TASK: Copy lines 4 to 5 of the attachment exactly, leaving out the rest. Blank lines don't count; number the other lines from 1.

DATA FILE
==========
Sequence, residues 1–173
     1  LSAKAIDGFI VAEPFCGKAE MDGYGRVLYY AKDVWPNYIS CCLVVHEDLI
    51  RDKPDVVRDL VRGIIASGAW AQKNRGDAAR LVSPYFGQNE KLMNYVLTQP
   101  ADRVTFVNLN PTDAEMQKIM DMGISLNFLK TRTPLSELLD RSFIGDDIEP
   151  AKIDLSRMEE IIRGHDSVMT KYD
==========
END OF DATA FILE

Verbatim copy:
   101  ADRVTFVNLN PTDAEMQKIM DMGISLNFLK TRTPLSELLD RSFIGDDIEP
   151  AKIDLSRMEE IIRGHDSVMT KYD